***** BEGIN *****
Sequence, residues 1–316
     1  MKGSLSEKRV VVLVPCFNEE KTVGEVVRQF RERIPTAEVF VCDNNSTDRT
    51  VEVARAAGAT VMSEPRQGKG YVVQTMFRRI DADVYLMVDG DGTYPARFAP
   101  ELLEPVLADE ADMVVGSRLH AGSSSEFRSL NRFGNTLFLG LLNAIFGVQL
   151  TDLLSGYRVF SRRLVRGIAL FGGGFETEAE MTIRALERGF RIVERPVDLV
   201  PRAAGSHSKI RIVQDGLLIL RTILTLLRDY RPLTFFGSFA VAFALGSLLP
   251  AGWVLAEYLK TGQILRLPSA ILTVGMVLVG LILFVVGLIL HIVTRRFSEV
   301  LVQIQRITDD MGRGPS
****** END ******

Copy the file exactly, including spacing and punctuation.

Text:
Sequence, residues 1–316
     1  MKGSLSEKRV VVLVPCFNEE KTVGEVVRQF RERIPTAEVF VCDNNSTDRT
    51  VEVARAAGAT VMSEPRQGKG YVVQTMFRRI DADVYLMVDG DGTYPARFAP
   101  ELLEPVLADE ADMVVGSRLH AGSSSEFRSL NRFGNTLFLG LLNAIFGVQL
   151  TDLLSGYRVF SRRLVRGIAL FGGGFETEAE MTIRALERGF RIVERPVDLV
   201  PRAAGSHSKI RIVQDGLLIL RTILTLLRDY RPLTFFGSFA VAFALGSLLP
   251  AGWVLAEYLK TGQILRLPSA ILTVGMVLVG LILFVVGLIL HIVTRRFSEV
   301  LVQIQRITDD MGRGPS